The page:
6. Objection is often made to tracing Baptist descent through the so-called dissenting "sects," that existed from the New Testament times on, upon the ground that there were irregularities among them as to doctrine and practice. Some of the churches included under the same name as that of the peoples through whom Baptists trace their perpetuity, practiced things out of harmony with the things that Baptists practice today. Therefore, it is argued that Baptists err in claiming kinship with them. Let us think about this objection for a few moments.
It ought to be evident to anyone who will think it over that churches, absolutely independent, bound together in no close organic way, driven into seclusion, scattered and separated by persecution, would in all probability come to differ somewhat in minor matters of doctrine and polity. Moreover, some might even depart so far from the Scriptures' teaching as to become unworthy of the name borne by them. There is no doubt that this very thing happened in many instances among the peoples through whom the Baptists trace descent. Biased historians have seized upon these more or less isolated instances, and have magnified them in an attempt to show that the whole "sect" was not baptistic in its doctrines and practices.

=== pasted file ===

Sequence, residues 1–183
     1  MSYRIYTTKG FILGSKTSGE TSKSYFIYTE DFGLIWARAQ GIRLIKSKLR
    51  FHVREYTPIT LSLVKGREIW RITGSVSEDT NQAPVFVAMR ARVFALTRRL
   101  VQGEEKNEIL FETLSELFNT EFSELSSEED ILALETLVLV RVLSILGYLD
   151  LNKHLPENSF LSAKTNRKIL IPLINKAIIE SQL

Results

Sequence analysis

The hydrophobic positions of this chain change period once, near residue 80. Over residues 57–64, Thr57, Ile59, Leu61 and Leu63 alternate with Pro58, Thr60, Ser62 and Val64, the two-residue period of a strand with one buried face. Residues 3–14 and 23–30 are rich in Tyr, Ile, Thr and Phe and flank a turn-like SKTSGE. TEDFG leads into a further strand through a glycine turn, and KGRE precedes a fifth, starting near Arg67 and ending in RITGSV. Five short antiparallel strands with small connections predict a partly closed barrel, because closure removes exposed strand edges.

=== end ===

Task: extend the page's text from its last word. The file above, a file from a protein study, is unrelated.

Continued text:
Upon the same principle it could be argued that certain churches of the apostolic era were not true churches. For instance, the church at Corinth was very imperfect; irregularities existed, yet no one asserts that it was not a true church of Christ. One could magnify the irregularities and variations that exist between Northern and Southern Baptist churches, or between Southern Baptists and the Baptists of Canada or England, and erroneously conclude that they are not to be classed as the same people. And, indeed, there are churches calling themselves by the name "Baptist" that have without doubt so far departed from the Scriptures as to no longer be true Baptist churches. It is quite unfair, however, to judge a people as a whole by the actions of a few churches that go astray from the truth. In properly estimating them we must find out what they in the main stand for. We must ascertain what the principles were that generally characterized them.